RFMs, or the smell of spring, have a colourful past and the way we have treated them has changed dramatically over the years. When I first qualified we used to pull, tug, lean and generally wrestle them out if we could and then throw in a handful of pessaries or irrigate the uterus with Lotagen. How times have changed-it seems that the damage we did to the uterus greatly reduced the chances of that cow getting in calf quickly or at all. The latest research and advice points towards leaving them alone for as long as it takes with no treatment, unless the cow is sick, and then identifying those cows as At Risk cows for treatment closer to mating.
Membranes are considered retained if they haven’t been expelled within 12 hours of delivering a calf. If they aren’t released in that time, the progressive decline in uterine activity means that they will probably not be released until they have undergone ‘liquefying putrefaction’ (nice!) and will be spontaneously expelled about 6-10 days later. Obviously the uterus at this time has considerable amounts of infection in it and that will require treatment, probably with a Metricure a week or so after that. These are your so-called “At Risk” cows. If we try and force the removal of those membranes, we simply slow the whole process down and damage the lining of the uterus at the same time.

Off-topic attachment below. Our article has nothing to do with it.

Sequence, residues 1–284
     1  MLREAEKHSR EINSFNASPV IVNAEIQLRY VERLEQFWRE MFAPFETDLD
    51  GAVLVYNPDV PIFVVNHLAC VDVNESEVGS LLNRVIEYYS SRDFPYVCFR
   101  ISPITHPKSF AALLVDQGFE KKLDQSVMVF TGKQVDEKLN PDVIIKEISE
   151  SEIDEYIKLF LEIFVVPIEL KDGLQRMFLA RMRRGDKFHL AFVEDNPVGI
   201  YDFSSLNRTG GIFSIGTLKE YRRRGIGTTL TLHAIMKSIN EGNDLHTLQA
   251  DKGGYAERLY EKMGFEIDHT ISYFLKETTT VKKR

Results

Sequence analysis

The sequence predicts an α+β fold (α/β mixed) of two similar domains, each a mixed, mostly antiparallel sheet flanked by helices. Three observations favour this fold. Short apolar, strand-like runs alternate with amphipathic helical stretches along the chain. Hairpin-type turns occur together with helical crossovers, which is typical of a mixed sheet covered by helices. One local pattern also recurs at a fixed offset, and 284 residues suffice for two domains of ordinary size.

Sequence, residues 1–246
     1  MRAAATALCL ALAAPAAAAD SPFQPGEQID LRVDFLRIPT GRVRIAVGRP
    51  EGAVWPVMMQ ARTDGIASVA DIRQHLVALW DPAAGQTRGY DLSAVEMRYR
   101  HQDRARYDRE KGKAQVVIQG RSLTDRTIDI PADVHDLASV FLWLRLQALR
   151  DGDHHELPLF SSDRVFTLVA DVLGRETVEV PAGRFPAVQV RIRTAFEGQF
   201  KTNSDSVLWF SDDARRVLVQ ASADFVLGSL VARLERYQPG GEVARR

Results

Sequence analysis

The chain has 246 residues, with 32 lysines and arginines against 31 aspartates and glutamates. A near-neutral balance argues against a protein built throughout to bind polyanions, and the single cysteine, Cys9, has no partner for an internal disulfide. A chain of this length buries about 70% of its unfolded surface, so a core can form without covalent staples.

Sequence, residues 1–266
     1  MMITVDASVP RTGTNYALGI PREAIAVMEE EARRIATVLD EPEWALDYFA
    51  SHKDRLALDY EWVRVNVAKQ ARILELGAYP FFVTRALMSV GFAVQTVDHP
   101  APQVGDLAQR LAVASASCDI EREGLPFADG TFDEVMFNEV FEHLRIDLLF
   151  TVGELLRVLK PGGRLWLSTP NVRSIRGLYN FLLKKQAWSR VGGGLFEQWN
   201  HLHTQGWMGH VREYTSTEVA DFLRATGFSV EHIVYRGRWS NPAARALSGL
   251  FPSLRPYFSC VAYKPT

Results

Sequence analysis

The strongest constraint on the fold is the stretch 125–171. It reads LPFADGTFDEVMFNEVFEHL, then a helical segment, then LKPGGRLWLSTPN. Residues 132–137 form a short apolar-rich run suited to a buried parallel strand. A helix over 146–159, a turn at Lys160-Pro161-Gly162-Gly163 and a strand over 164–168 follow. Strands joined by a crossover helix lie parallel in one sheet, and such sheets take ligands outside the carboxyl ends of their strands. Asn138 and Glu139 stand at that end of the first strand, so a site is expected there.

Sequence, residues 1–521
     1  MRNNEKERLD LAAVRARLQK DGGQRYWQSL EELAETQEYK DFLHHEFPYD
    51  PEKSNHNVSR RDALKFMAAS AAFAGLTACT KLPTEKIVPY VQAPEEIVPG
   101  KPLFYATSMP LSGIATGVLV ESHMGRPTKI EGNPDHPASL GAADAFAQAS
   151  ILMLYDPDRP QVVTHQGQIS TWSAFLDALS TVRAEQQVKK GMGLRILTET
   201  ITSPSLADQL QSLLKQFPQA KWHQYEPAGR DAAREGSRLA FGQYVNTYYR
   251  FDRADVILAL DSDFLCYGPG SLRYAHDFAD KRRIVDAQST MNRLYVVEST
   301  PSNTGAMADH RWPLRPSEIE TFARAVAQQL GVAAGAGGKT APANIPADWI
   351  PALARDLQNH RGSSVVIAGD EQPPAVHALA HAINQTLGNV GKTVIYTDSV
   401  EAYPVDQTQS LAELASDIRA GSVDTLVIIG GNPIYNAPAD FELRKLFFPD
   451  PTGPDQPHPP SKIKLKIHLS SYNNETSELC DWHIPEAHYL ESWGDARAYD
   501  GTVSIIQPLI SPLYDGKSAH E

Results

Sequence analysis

What causes RFMs? A few known risk factors include:
Abnormal gestation length, either too short or too long
Primary uterine inertia (i.e. an exhausted uterus that loses the ability to contract and expel membranes)
Twins or induced calvings
Latest recommendations in treatment:
Ideally, removal of membranes should not be attempted until at least 96 hours after calving, and, even then, it should be limited to withdrawal of membranes that have already detached. If attempts to remove are unsuccessful, they should be cut off at the level of the vulva and left until they are shed naturally.
No further treatment is given unless the cow appears ill. If they are sick, veterinary attention should be sought and antibiotics are probably required.
Forced manual removal (as explained above)
Oxytocin-this only works if given at the time of calving. It won’t do anything a few days later
Pessaries- there is plenty of evidence that pessaries probably delay shedding of membranes so tend to impair rather than improve subsequent fertility.
Once the membranes have gone, identify these cows for examination and treatment with Metricure about a month before calving or sooner if they are obviously infected.